So, it has come this,
when I must again strip
the latex gloves from my hands
like a second skin that defines who I am.
I must again scissor and untether the cords
that bind and pull, cut into my wrists like steel wool snakes.
I’ve long since stopped feeling the bite, but the fuel
that floats behind my eyes made me hollow.
When I walk, I feel the slosh of
what used to be my will, and everyday
I wear the gloves that hold it in.
Behind the counter lined with hunger,
glinting eyes read past the menu, and I stand away,
waiting for the counter to fall like a fence
and let the hyenas at me. The orders come in, like a roar
from Wall Street, and money flies just as fast.
My fingers twist around a beef ladle, dip and dive,
and I can almost imagine I’m being creative. The tenth
taco, all the same: this creation lacks creating.
It is not my hands that define me,
but the pull of tendon on bone grabbing the yellow corn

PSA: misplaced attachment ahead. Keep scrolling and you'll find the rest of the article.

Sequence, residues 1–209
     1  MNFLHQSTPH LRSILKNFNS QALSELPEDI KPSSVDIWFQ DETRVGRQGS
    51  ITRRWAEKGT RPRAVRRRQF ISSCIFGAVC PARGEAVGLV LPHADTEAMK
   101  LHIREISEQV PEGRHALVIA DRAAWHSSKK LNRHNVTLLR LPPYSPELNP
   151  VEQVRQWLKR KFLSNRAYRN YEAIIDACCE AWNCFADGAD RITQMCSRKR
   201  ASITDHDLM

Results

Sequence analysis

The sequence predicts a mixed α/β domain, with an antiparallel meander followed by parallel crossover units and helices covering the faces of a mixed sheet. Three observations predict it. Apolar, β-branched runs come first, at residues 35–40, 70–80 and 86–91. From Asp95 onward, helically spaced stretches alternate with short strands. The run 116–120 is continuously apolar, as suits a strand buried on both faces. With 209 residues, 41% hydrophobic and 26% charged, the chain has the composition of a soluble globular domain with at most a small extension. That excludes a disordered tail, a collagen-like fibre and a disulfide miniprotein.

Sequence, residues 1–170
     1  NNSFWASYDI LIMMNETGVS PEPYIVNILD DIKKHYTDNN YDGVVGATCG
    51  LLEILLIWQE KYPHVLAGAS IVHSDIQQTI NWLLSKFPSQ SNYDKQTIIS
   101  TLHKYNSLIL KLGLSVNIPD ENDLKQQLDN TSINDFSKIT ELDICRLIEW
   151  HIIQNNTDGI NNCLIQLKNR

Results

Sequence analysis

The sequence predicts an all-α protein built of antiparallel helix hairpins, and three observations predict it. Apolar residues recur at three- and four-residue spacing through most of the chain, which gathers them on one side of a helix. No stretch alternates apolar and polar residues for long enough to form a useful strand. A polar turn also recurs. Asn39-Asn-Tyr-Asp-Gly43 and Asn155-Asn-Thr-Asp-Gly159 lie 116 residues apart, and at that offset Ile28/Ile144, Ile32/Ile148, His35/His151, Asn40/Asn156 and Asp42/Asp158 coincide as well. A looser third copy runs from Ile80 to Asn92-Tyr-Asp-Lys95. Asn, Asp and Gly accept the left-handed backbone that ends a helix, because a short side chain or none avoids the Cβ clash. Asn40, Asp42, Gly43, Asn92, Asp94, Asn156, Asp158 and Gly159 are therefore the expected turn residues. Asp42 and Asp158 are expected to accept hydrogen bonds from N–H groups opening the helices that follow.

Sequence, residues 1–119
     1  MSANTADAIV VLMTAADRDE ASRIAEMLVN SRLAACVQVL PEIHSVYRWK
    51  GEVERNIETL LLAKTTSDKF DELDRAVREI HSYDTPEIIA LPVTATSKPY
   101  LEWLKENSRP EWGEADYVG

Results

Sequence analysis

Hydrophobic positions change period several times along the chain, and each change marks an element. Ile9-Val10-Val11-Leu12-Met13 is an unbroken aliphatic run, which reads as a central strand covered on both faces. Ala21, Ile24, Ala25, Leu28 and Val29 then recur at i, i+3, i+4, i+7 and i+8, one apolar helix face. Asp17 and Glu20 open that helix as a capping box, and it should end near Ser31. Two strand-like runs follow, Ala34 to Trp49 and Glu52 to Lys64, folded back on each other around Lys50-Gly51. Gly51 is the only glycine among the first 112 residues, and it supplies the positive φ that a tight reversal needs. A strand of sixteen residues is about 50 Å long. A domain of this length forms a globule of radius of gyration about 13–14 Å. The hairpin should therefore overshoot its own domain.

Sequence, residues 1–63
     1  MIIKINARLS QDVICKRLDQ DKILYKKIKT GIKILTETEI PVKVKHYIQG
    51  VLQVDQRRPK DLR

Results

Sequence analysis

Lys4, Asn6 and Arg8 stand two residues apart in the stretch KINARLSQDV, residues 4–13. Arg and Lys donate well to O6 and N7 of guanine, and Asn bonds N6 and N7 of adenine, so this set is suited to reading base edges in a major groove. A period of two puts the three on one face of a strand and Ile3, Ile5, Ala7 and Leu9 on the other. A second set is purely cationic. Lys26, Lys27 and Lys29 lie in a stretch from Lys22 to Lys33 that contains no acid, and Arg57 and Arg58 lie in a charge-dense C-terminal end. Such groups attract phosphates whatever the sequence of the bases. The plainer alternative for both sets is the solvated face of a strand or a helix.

shell and scooping the meat into, turning
my hands arthritic and old, curled against my wrist
and stretch back to young and back to old.
So I am a servant to those asking to hold the tomatoes,
but extra beef. The cords slip around my wrists
as their cash feeds the register’s ding,
and I must scoop against my flesh, ladle against ribs digging
to my heart. It is my skeleton that holds me.
Behind my liquid eyes, gasoline
floats so heavily. I can see the faint spark in the mirror.
When I strain against the ropes, I can feel
them strain back. Something tears: my skin or my bonds?
The paper taste on my tongue craves to be written on.
My skin is running out of room, and I will never
run out of words. Teeth bared, fire eyes, letters stretched taut:
it’s my turn to pull.